It’s OK to be not OK

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Why mental health care should be required, or at least strongly encouraged and incentivized.

Do you know that meme – the one with the cartoon dog surrounded by fire saying, “This is fine, I’m fine”?

If you haven’t seen it, you can understand the sentiment. The Emergency Department can be a chaotic and under-resourced place, and that was even prior to COVID-19. Then our experience showed that in many cases, the additional workload and stress of the pandemic could not be borne completely by the current system. The cry of ‘flatten the curve’ wasn’t to prevent the disease itself, it was to prevent our health care system from being overwhelmed.


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For a time, there were hero flags put in front of our workplaces, community gestures of support such as the shift change honking and sirens for our NYC colleagues, and even some free food to fuel our tired bodies, while our crafty friends and neighbors began sourcing and creating PPE.

These wonderful gestures of support and humanity helped fuel us for a sprint, which was great!  The truth is that we are not in a sprint, we are in a marathon. An Iron Man marathon!  Barefoot. Carrying a lead backpack. And the backpack is on fire! You get the idea.

But we are superheroes, right?  Aren’t we supposed to do all of that and take care of our partners and families, homeschool our kids, have high clinical and academic productivity and still look happy, energetic and Instagram-worthy in our hero capes?


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I call bullshit.

This is not fine. I am not fine. Many of us are not fine.

According to the literature, more than 50% of clinicians treating patients reported that they had experienced burnout pre-COVID.[1] I’m sure the post-COVID numbers are much worse. During the pandemic, 80% of practicing clinicians expressed concerns for their own health and safety and 83% expressed concerns for the safety for their family and friends due to the virus. [2]

And there are at least 400 physician suicides per year, much higher rates per capita than the general public.


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Emergency physicians treat anyone who comes through our door, 24/7/365, regardless of if they are insured, violent, unwilling or unable to speak – we are their voice and we provide care to the best of our resources. We are the safety net of the health care system in this country and the system needs to change. Corey Feist, the brother of Dr. Lorna Breen, an amazing NYC EM physician who died by suicide, noted that Dr. Breen was a canary in the coal mine and aptly stated “We don’t necessarily need a stronger canary. We need a new coal mine.”

Here’s the current situation for physicians.[3]

  • 65% cite concerns for the job, financial security due to COVID-19
  • 80% expressed concerns for their own health and safety and 83% expressed concerns for the safety for their family and friends due to COVID-19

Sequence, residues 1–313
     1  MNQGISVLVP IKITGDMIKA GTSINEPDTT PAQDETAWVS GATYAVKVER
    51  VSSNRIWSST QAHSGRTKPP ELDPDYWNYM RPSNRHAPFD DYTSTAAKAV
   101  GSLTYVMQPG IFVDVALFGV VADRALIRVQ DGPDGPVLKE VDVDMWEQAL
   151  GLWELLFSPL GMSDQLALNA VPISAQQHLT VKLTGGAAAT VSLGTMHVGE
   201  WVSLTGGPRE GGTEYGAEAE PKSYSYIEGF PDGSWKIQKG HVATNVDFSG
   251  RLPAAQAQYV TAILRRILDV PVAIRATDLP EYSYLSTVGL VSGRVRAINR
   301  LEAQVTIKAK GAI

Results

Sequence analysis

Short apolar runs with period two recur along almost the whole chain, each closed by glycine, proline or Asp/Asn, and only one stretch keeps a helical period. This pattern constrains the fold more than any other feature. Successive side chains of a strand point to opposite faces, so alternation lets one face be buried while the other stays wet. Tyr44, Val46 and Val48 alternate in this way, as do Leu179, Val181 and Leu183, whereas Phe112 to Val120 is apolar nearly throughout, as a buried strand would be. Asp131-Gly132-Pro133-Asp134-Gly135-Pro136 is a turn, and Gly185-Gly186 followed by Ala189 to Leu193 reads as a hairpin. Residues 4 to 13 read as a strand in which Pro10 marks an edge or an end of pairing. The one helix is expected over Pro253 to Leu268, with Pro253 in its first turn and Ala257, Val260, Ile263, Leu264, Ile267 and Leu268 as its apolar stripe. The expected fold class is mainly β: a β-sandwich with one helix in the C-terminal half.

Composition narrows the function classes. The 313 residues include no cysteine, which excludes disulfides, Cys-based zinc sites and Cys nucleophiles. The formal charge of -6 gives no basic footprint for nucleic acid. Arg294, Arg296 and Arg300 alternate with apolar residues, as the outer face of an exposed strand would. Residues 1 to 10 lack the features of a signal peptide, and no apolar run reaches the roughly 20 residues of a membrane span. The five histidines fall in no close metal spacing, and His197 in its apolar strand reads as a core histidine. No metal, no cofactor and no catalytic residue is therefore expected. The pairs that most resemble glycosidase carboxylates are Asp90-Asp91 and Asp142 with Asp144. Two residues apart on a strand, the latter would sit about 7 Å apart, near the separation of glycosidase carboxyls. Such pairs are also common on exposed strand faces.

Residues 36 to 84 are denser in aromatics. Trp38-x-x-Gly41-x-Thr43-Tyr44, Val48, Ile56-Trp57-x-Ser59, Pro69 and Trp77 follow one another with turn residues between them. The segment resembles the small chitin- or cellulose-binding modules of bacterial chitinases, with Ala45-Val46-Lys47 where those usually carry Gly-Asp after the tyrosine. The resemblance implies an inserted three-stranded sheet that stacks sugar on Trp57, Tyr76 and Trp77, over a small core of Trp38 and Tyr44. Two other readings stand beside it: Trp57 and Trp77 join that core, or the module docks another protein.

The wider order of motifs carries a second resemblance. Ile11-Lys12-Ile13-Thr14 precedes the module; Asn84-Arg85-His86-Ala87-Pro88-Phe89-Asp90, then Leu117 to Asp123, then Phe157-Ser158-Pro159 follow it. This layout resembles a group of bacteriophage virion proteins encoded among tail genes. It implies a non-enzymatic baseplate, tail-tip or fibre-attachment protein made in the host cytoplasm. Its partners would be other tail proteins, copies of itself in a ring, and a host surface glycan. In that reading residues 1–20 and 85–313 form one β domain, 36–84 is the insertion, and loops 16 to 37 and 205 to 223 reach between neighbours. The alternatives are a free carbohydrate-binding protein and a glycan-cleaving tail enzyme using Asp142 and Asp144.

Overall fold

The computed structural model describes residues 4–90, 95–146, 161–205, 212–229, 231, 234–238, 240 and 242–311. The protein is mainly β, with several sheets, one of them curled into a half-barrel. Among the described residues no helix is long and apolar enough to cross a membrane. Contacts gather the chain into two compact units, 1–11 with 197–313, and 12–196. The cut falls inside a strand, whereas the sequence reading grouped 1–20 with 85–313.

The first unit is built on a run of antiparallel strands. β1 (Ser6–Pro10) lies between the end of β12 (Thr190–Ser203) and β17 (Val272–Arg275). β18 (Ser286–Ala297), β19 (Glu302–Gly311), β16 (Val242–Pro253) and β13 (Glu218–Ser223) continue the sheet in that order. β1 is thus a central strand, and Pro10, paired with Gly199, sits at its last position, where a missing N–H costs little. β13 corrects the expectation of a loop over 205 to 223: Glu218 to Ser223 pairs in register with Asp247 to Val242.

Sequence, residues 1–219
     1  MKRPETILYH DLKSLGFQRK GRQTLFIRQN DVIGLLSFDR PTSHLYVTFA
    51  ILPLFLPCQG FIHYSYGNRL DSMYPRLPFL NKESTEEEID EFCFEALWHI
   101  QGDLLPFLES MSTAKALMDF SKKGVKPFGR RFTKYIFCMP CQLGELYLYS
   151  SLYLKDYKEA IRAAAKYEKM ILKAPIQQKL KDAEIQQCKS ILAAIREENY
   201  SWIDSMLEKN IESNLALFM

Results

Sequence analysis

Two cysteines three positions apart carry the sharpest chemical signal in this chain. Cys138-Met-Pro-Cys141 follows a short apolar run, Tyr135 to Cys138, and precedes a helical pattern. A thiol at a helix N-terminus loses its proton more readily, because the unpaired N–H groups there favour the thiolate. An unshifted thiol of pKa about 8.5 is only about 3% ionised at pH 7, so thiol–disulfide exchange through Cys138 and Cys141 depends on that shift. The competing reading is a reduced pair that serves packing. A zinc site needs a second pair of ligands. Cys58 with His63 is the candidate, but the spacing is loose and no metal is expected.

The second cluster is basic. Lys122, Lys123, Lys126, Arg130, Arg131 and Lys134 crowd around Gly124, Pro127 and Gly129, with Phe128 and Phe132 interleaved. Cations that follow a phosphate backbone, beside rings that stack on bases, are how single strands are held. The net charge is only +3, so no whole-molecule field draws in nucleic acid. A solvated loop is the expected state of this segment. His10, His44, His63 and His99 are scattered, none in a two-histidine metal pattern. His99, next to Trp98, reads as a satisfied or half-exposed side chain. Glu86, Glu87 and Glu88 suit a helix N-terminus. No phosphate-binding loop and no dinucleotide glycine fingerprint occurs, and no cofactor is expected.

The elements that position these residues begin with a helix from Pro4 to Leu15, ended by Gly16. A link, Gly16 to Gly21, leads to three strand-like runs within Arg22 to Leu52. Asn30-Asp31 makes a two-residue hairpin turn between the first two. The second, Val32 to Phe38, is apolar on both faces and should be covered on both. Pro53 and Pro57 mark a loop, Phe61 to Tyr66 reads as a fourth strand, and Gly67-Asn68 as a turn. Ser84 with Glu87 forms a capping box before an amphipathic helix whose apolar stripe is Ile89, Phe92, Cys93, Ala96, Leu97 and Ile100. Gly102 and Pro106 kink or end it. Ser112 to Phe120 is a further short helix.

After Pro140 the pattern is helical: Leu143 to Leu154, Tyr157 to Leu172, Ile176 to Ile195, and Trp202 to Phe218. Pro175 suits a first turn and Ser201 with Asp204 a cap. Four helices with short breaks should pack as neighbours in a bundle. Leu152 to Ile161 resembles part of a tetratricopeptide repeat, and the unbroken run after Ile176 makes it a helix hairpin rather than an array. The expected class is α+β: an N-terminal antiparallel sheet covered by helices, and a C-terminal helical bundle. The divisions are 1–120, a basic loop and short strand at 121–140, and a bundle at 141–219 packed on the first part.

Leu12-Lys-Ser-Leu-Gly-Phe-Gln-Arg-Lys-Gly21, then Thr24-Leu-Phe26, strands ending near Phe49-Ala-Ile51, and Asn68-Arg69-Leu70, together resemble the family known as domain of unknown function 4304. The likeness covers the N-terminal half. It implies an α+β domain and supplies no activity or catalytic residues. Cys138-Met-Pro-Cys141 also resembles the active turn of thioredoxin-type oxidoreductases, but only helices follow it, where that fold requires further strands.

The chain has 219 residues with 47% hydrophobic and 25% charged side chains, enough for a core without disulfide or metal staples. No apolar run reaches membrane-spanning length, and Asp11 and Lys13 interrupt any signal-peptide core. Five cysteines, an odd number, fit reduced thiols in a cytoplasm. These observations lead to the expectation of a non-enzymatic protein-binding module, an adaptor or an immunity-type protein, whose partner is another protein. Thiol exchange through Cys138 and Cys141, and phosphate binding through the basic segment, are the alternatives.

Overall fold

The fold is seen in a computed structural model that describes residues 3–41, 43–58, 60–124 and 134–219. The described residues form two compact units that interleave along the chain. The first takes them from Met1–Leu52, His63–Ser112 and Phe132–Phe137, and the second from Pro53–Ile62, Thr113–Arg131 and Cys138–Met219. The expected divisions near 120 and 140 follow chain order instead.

• 45% — nearly half of Emergency Physicians — hesitate to seek mental health treatment
  • 73% feel there is stigma regarding mental health in their workplace
  • 57% are concerned for their job if they seek mental health treatment
  • 27% have avoided mental health treatment for fear of professional repercussions
  • EM Physicians cited these reasons for why they avoided mental health treatment – job security, professional stigma, future job opportunities

Physicians should not be penalized for seeking mental health care by their jobs or licensing bodies. In fact, I boldly state mental health care should be required, or at least strongly encouraged and incentivized.

Here is a starter wish list of things that can improve our lives:

  • Destigmatize seeking help for mental health issues
  • Encourage physicians who are suffering to seek mental health care
  • Improved workflow and efficient work environments
  • Meet the needs of emergency medical practice including appropriate staffing, PPE, supplies, resources, space, etc.
  • Smart and healthy scheduling practices
  • Minimize or eliminate unnecessary administrative burdens
  • Strong and sustained self-care practices
  • Excellent peer support systems
  • Organizational commitment — not just with mission statements, but walking the walk with robust administrative support
  • Leadership accountability to ensure these things continue to improve

We can start changing the coal mine if we have the energy to do it! Here are some strategies we can employ on a personal level to EMPTY some stress out of our lives so we can save healthcare.

E: Eliminate – what can you eliminate, automate or delegate from your life that is taking time or causing unnecessary stress?  The pandemic certainly taught us how many things were unnecessary (like dress pants!) and how many meetings could have simply been an email and saved us a lot of time.

In your personal life, what can you eliminate, automate or delegate?  I was cleaning up dog poop in my yard (courtesy of my two big rescue dogs) despite the full email in-box, talks to prepare and wanting to spend quality time with my kids. So, I paid someone to do it for me.

I’m not grossed out by dog poop (we see way more gross stuff than that!) but I decided that the $12 dollars I paid someone to do it was more than worth an hour of my time!  Which helped me realize, what other (ahem) crap should I not be doing so I can do the things that bring value into my life?  What’s your time worth? What in your life needs to be done, but not necessarily by you?

Consider this concept in the emergency department: we could certainly change bedpans and scrub floors, but that would keep us from spending time using our education and expertise providing excellent patient care. The teams run smoothest when everyone is working at the top of their skill level.  By eliminating unnecessary things, automating recurring things and delegating appropriate things, we have more freedom to work and live at our highest level.